Author: Andrew Cartmel
Publication Info: London Bridge (1995)
Previously read by the same author: Through Time: An Unauthorised and Unofficial History of Doctor Who
Andrew Cartmel was the final script editor on the original run of Doctor Who on tv from 1987-1989, and is known for allegedly having a master plan for the Doctor’s story that would be revealed over time. Interestingly, he never wrote a screenplay for a Doctor Who tv screenplay, so it is in books that one gets to see how he’d tell a Doctor Who story. And this one’s a doozy.
The Seventh Doctor is living in a cottage near Canterbury with Ace and Benny, using the cottage to carry out research while sending his companions on missions. Benny goes undercover with a top secret drug enforcement agency (called IDEA) in New York to find out about a mysterious new street drug called warlock, while Ace becomes involved in a pair of animal rights activists working to undermine animal testing at a nearby research facility.
What’s stands out about this book is that the Doctor is hardly involved in the story at all, and it can also go chapters at a time without checking in with Ace or Benny. Full plotlines are carried out by the characters Cartmel invented for the story including the NYPD detective Creed, IDEA agents, the lab researchers conducting experiments, and a couple named Vincent and Justine who have psychic powers (and were introduced in an earlier Cartmel novel). It’s a tightly-plotted crime drama with just hints of science fiction/fantasy underpinning. There doesn’t even seem to be an extraterrestrial element unless you consider, …. well I won’t give away the ending, but readers will probably figure it out well before then.
The strangest thing about this book is that a reader with little to no knowledge of Doctor Who could pick it up and read it as a solid, standalone novel. And it’s a strange book which includes things such as human consciousness entering animals, a woman suddenly forced into prostitution and just as quickly rescued, the complete destruction of Canterbury cathedral, and a couple sneaking into Buckingham Palace to have sex, and these are all relatively minor plot points. Whatever you’re expecting from a Doctor Who story, this novel will defy expectations.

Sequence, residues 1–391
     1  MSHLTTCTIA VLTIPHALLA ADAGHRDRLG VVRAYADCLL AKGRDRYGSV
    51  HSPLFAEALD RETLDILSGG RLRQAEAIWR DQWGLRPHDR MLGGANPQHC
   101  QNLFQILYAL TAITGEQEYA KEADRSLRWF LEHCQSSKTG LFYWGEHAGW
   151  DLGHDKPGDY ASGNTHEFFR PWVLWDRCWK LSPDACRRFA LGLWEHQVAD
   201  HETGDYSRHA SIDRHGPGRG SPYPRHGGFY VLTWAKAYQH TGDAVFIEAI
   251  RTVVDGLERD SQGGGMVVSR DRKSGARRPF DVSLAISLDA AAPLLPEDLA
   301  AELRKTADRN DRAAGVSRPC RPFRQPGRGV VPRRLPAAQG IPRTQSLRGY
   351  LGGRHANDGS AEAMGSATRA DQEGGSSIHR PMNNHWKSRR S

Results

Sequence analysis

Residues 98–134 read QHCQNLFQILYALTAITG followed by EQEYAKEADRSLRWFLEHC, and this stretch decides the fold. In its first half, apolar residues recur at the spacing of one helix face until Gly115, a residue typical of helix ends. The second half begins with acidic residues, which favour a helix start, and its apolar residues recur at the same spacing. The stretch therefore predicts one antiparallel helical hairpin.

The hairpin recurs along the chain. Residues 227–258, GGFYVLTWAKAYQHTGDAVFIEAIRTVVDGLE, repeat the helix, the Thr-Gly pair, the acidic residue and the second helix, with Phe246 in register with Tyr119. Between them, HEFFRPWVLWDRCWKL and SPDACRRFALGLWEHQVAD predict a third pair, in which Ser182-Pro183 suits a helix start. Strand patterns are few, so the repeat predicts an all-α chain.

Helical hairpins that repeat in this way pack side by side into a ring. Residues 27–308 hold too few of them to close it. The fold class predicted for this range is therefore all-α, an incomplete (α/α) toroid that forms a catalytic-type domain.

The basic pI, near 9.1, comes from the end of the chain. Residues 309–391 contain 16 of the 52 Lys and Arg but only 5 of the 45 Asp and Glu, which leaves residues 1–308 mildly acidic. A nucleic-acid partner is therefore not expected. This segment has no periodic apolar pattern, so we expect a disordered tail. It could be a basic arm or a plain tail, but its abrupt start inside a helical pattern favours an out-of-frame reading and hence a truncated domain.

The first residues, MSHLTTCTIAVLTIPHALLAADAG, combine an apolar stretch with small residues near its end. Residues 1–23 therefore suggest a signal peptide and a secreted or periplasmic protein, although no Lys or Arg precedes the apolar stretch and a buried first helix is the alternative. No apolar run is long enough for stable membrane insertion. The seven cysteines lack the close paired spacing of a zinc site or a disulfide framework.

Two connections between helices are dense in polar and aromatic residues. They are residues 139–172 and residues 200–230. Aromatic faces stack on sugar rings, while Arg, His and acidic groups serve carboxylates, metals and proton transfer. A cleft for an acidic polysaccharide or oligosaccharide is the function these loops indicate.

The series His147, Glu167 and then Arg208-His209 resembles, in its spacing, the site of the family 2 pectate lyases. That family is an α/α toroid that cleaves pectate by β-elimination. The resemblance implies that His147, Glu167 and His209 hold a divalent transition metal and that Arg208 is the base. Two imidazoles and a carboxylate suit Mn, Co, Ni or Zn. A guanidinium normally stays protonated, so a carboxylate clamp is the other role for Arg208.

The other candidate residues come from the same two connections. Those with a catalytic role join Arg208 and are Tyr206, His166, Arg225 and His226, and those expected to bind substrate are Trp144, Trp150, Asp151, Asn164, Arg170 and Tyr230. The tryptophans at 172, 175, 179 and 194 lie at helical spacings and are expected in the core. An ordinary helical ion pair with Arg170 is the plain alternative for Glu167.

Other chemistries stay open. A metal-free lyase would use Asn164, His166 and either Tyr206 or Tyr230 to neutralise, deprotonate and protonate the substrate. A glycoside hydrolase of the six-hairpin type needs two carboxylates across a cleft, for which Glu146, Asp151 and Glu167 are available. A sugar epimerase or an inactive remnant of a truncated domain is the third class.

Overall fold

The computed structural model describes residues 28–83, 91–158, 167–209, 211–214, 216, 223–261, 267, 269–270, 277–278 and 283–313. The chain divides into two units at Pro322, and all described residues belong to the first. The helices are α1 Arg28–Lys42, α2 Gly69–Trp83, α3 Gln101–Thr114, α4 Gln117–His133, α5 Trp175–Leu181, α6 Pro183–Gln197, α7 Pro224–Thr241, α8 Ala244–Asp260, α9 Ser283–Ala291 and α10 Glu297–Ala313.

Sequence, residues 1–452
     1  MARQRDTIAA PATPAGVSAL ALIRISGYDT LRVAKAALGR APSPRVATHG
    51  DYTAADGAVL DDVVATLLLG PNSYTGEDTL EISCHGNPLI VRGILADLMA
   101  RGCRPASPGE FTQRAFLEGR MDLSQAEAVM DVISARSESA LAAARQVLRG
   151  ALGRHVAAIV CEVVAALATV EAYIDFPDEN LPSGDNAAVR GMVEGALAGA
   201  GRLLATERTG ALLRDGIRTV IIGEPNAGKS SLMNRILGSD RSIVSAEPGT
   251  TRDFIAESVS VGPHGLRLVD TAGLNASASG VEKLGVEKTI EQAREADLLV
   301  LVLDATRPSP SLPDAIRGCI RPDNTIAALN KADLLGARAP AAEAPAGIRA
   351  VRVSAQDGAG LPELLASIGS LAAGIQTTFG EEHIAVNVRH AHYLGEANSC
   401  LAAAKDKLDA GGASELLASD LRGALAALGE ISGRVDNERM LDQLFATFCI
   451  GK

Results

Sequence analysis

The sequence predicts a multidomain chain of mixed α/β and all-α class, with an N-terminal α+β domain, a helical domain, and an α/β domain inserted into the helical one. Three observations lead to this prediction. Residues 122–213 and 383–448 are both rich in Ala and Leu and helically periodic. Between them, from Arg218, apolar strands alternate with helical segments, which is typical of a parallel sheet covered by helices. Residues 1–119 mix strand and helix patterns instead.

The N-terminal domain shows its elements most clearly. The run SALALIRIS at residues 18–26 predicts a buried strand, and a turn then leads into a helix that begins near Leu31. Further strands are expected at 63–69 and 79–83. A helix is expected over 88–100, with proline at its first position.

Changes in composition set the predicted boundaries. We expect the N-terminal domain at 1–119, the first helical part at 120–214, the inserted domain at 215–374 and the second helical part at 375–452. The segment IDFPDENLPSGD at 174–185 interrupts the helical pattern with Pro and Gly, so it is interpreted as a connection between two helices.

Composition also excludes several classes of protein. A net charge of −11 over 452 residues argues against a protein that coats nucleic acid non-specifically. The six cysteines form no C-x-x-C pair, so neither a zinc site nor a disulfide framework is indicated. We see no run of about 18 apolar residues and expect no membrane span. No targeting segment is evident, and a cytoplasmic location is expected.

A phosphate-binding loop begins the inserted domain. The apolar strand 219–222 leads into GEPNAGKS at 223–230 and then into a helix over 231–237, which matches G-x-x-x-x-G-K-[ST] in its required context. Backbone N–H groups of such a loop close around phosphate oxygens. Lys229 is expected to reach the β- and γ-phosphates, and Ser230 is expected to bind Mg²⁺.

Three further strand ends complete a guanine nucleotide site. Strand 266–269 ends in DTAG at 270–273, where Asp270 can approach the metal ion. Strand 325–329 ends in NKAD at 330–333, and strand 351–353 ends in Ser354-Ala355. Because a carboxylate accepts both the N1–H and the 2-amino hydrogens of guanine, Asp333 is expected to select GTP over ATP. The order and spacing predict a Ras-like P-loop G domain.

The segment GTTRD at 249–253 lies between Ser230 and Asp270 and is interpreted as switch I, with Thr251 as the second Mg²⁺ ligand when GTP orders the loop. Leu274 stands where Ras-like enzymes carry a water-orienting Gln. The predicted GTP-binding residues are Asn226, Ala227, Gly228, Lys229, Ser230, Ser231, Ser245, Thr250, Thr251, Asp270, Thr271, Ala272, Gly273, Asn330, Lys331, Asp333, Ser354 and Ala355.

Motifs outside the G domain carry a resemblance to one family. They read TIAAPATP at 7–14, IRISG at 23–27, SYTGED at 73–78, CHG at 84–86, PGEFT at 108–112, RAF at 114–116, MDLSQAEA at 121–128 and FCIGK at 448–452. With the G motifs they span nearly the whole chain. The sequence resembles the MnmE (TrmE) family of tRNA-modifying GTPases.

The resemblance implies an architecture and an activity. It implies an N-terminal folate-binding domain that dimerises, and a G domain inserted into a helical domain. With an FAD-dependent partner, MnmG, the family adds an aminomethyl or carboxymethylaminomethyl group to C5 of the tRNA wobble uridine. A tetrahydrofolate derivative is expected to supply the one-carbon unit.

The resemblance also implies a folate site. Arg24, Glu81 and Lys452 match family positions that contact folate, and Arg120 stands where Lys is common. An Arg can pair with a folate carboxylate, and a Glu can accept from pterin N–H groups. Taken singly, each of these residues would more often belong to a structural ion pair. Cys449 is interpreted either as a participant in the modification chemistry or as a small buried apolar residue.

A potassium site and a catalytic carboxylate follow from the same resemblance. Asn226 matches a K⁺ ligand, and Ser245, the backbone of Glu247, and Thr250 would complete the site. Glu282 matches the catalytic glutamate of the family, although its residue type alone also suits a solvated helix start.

60-Second Science :: Ancient Women Had Awesome Arms
Thanks to science, we now know that prehistoric agricultural labor is the way for women to build upper body strength.
Twenty Thousand Hertz :: The Bleeps, The Sweeps, and The Creeps
Did you ever think that the noises from your phone, computer, car, etc were actually designed by someone with specific ideas in mind.
Slow Burn :: A Very Successful Cover-up
This series on Watergate continues with the history of just how uninterested people were in the scandal during the 1972 Presidential Campaign
Science Talk :: The Skinny on Fat
The science behind fat, it’s importance to the body, and the mythology of fad diets.
Life of the Law :: Traditions
Stories from prisoners about their memories of Christmases past and the new holiday traditions they create while incarcerated.
Code Switch :: With Dope, There’s High Hope
The history of the demonization of marijuana by linking it to African Americans and immigrants, the inordinate arrest rate of African Americans on marijuana charges, and how people of color are being left out of the legalized canabis market.
The Truth :: Mall Santa